Building A Solid Foundation for School - A Communities Approach


The Australian Research Alliance for Children and Youth presented a paper titled "Building a Solid Foundation for School - A Communities Approach. The paper argues that there are more factors involved in school readiness than just the child's ability or maturity level. Readiness for school involves a partnership between the family, child, school, the community and the services provided within that community. The integration or partnership of these components build a solid foundation that caters for the social, emotional, physical and cognitive needs of all those involved in the partnership.

The child can no longer be looked at as a bystander to their own development and involvement. The authors note that "The agentic child is defined as a social actor who participates in his/her life and co-constructs education with adults and peers [2]. It is the collaboration between the child and the adults that makes for a successful process. Indeed, recent policies focusing on
young children assert this view." Children are shaped by the process of involvement in the experiences they encounter. They are not passive participants. Therefore the collaborative partners must work together to provide the child with positive experiences as they enter school or transition from one school to another. "The process of starting school should not be sur-rounded by loss and grief; rather it should be a time of optimism and excitement, as solid foundations, which have been built over time, support the transition to a new way of being – that of a school student."

To improve outcomes for children we must work together as a community to nurture the needs of the child. Providing quality resources and programming for the child and the family throughout their entire school life is required to promote a healthy lifestyle as an adult. Family daycares can provide early literacy and numeracy curriculum and information to parents as more children are in daycare from an early age.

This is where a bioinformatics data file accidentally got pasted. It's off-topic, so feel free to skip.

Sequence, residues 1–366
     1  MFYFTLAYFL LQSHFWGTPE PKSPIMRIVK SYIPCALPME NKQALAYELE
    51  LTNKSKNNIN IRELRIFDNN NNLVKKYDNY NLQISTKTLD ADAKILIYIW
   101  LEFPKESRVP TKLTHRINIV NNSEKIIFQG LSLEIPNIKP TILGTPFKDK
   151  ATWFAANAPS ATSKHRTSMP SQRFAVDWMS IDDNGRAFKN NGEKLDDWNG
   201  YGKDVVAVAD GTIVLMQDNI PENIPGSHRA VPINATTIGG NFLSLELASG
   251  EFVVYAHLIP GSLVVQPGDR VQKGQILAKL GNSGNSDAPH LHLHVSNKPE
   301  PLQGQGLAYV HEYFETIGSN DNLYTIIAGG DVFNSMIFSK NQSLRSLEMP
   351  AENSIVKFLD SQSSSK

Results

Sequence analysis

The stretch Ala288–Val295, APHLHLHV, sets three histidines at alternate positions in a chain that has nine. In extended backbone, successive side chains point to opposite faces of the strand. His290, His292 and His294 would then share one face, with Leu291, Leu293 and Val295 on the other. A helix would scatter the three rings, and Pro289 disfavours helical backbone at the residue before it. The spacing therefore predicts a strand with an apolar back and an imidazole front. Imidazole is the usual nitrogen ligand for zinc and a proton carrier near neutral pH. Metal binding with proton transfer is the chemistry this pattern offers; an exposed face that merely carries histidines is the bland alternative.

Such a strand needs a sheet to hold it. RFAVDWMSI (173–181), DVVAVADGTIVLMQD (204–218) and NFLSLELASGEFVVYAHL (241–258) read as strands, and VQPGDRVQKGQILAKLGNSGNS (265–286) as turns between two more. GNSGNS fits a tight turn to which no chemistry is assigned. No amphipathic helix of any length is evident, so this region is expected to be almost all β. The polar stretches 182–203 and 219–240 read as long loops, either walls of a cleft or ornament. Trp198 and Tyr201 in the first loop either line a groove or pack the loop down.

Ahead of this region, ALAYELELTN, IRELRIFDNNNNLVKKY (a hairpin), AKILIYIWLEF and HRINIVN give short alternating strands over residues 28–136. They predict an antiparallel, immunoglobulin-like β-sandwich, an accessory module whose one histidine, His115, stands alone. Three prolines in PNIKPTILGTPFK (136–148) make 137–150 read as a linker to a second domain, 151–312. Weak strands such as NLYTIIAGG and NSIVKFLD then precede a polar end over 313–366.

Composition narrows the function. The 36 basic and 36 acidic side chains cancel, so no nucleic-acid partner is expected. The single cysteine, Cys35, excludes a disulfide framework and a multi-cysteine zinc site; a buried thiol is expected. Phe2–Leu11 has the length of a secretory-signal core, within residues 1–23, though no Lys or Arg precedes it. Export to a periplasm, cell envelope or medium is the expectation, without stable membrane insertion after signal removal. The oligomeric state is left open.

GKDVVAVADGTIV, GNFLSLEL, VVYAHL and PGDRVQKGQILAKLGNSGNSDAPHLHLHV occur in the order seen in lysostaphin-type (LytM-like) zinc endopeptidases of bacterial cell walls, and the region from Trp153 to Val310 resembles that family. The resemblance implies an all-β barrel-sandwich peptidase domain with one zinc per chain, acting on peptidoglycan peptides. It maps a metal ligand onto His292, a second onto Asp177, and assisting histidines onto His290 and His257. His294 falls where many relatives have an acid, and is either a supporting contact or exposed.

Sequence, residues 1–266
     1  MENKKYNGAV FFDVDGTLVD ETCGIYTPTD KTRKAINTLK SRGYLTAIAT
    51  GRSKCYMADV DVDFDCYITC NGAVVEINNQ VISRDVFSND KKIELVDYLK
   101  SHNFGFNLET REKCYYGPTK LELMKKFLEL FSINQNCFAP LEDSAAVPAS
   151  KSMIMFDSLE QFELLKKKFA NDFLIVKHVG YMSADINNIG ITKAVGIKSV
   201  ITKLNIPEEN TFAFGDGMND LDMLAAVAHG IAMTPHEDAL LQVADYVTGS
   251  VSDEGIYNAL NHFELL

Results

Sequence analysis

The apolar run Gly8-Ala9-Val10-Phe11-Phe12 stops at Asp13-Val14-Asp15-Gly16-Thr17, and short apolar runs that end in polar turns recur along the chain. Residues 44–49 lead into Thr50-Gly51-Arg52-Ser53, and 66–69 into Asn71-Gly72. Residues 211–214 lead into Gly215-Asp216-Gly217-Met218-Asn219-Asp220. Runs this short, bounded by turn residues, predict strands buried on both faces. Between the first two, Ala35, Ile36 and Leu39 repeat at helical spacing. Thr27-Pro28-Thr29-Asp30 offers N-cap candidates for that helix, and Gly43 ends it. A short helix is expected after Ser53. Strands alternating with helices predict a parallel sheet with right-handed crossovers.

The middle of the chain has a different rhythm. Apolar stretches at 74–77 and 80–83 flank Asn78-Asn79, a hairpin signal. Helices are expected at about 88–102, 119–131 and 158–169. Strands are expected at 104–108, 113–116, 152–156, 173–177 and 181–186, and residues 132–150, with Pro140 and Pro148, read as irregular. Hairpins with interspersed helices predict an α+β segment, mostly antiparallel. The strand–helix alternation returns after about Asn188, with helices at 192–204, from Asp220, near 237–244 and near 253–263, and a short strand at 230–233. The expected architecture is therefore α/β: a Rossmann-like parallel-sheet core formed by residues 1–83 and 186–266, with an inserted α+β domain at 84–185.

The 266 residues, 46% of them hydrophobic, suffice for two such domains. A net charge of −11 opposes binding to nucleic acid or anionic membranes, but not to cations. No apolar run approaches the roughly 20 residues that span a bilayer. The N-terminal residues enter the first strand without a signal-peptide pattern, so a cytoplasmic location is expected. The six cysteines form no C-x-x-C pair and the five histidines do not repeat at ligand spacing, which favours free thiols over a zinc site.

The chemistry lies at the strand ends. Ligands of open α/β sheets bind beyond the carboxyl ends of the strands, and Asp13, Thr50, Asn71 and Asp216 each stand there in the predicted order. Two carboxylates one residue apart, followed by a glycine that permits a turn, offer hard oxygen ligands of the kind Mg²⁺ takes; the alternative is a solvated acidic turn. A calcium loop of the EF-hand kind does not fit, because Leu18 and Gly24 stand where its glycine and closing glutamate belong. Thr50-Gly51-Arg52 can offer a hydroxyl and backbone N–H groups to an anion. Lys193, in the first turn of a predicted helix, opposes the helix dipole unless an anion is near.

Parents and children can become involved in community organized events that showcase important issues like safety, hygiene, nutrition, how to look after their body, traffic safety and many more. These programs in the community can be beneficial for child, parents and the agencies offering the event.

The paper outlines many strategies that schools can implement as children transition into school: play based learning, welcoming events, rest breaks and more.

This information is extremely important to consider for our children with disabilities as the community becomes an outlet for services to aid in the transition of children into a suitable school environment. The school also needs to look at the child's strengths, interests, ability level in order to implement a program that is based in the individual child.

The paper encourages communities to become more involved as the education of our children becomes more complex. The collaboration of partnerships within the community is paramount in giving children the most engaging and positive experiences to enhance life long learning.

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